It’s cliche, but it’s true: the K-street lawyer is right next to the construction worker and there’s a common bond.
My favorite time is still looking in RFK Stadium and seeing people come in and for those two hours, it’s not going to matter what’s happening in their life, or job, or whatever — it might just matter that they got a free T-shirt thrown at them.
You get frustrated with a loss, but isn’t it so good to care about something so much that it does sting a little bit? If you focus on the positive, win or lose, you’re always going to come away a winner — at least I believe. That’s still what it’s all about.
SA: You’ve spoken about the importance of your mother in your early broadcasting career …
DAVE JOHNSON: She had multiple sclerosis, which I have now. She was in a wheelchair — talk about having a captive audience. I would cut out lines of the newspapers and do imaginary baseball and basketball calls — there wasn’t really soccer in the area until 1975. But I had an audience of one and she always provided me the platform to be creative. It was special then and even more special now that I’m doing it for a living.
In some ways, I’m doing what I did when I was 6 years old. Hopefully I’m a little bit better.
SA: You’ve been D.C. United’s play-by-play broadcaster since in its inaugural season. What was it like to broadcast from RFK Stadium, the same stadium where you watched the Diplomats in your childhood?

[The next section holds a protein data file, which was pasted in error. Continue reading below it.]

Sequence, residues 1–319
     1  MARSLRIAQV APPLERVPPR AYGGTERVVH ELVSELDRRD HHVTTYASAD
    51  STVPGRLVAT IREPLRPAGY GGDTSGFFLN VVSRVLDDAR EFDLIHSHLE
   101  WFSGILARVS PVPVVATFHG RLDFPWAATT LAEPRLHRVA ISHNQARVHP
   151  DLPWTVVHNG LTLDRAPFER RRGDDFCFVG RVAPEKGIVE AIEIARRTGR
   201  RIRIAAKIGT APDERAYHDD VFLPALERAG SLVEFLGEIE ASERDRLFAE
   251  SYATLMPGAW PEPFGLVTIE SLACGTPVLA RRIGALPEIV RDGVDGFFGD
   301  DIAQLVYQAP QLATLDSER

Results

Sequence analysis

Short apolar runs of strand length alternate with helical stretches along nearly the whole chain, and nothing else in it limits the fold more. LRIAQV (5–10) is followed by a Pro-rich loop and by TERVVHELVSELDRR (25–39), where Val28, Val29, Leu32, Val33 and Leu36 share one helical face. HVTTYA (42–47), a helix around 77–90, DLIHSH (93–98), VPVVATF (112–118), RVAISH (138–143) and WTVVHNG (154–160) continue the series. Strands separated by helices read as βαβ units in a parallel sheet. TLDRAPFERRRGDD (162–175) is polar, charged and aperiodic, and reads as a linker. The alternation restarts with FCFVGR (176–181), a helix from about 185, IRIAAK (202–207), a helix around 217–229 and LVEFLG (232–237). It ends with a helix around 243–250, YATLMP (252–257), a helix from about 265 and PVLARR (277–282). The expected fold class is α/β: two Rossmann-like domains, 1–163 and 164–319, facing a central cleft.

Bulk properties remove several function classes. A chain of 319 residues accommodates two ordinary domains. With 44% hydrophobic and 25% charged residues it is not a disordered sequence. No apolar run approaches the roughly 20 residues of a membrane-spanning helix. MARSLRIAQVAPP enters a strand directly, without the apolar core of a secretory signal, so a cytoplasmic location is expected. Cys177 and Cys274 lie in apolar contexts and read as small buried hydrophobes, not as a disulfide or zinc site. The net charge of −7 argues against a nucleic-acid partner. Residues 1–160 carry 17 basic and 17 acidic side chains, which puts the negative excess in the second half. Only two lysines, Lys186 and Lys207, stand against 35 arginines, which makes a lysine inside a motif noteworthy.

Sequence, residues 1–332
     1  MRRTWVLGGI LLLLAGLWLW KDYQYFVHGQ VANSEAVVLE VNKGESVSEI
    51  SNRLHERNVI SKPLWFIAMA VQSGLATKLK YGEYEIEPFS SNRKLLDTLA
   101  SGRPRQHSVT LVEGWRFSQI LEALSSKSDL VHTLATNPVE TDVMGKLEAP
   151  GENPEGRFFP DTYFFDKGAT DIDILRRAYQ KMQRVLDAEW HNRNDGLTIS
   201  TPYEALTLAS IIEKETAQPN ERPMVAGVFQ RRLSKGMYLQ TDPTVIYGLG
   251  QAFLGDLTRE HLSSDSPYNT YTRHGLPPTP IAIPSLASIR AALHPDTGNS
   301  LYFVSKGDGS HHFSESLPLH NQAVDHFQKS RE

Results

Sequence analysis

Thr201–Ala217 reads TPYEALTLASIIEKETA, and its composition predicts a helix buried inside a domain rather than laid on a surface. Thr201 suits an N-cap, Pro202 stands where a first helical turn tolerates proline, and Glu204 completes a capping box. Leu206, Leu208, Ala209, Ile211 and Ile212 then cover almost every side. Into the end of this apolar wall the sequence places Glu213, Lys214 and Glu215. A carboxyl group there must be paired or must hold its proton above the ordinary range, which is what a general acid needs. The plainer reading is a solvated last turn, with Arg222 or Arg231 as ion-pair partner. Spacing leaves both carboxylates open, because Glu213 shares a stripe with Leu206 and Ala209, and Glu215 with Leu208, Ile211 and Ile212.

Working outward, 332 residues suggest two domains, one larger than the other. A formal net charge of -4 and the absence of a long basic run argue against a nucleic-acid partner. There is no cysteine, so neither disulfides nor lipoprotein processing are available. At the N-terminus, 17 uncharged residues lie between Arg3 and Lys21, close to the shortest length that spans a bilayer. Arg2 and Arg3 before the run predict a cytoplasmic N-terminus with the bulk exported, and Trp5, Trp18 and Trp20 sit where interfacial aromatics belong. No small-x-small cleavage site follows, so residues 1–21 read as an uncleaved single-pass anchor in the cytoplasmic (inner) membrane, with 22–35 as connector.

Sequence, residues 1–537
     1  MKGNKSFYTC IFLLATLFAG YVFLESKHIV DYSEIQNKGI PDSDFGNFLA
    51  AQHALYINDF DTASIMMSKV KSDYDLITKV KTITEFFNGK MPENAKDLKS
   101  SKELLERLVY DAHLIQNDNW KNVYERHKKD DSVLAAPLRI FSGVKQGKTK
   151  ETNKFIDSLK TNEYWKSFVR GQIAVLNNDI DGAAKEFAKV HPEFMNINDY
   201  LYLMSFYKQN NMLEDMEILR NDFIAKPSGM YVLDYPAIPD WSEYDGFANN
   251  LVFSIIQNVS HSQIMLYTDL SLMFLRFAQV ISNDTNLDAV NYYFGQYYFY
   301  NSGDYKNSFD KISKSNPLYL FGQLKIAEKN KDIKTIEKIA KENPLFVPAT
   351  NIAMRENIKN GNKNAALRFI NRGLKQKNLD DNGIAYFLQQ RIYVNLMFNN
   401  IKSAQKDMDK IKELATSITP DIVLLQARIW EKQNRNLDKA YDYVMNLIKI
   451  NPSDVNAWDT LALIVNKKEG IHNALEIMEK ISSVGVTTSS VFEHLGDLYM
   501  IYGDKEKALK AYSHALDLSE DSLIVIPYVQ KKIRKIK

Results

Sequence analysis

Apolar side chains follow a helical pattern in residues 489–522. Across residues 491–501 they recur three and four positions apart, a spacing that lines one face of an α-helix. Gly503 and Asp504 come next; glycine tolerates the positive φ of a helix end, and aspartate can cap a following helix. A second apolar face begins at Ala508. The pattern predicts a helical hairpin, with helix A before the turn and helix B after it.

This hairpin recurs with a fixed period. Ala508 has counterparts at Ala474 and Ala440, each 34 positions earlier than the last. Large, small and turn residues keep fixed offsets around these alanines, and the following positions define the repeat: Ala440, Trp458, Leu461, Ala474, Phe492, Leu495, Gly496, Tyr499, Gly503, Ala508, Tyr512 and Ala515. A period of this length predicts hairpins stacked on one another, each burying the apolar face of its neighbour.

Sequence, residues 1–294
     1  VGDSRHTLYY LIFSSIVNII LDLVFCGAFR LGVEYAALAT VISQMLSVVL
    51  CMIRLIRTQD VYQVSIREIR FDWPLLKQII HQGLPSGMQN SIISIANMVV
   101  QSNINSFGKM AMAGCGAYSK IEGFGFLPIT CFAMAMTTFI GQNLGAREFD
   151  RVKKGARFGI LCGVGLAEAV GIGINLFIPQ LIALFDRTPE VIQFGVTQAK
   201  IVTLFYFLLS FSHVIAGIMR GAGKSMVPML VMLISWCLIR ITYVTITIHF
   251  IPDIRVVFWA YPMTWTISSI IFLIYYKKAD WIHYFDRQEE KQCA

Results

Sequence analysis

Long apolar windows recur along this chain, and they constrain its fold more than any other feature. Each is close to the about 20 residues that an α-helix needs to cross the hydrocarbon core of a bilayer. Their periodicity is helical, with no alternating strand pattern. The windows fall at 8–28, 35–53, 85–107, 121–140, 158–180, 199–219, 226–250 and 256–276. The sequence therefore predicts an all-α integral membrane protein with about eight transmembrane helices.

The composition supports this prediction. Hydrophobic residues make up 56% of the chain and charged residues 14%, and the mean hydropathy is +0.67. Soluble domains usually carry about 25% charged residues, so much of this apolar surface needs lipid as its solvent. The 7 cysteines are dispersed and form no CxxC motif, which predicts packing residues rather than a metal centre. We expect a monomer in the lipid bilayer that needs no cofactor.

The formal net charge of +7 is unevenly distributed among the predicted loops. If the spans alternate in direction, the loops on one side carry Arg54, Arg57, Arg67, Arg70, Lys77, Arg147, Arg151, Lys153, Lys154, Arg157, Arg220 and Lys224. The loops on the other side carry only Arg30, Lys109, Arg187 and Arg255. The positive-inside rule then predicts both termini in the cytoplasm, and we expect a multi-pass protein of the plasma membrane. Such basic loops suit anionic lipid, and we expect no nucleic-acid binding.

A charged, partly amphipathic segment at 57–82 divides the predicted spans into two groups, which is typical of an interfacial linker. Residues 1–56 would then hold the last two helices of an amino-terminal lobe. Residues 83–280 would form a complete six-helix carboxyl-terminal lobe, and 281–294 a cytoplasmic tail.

DAVE JOHNSON: A dream is coming true. I went through the pain of losing the Diplomats in 1980. They were covering us on the nightly news, we were averaging 20,000 fans a game, the Soccer Bowl sells out — happy days are here. Then when that Diplomats team and the NASL folded, there was nothing.
I got out of college in 1986, and I wanted to be a soccer broadcaster. It wasn’t the best idea for a vocation at the time because there was barely any professional soccer.
I connected with the legendary Gordon Bradley at the ASL, who’s still one of the finest people I’ll ever meet in my life. It’s those types — Bradley, Clive Charles, Clay Berling — that made these conversations possible. Soccer America — it was the most exciting thing when I got home from school and my Soccer America was there. That was such a thrill because there was no internet but there was Soccer America. We log on now, but I’m still reading some of the people I’ve read since way back.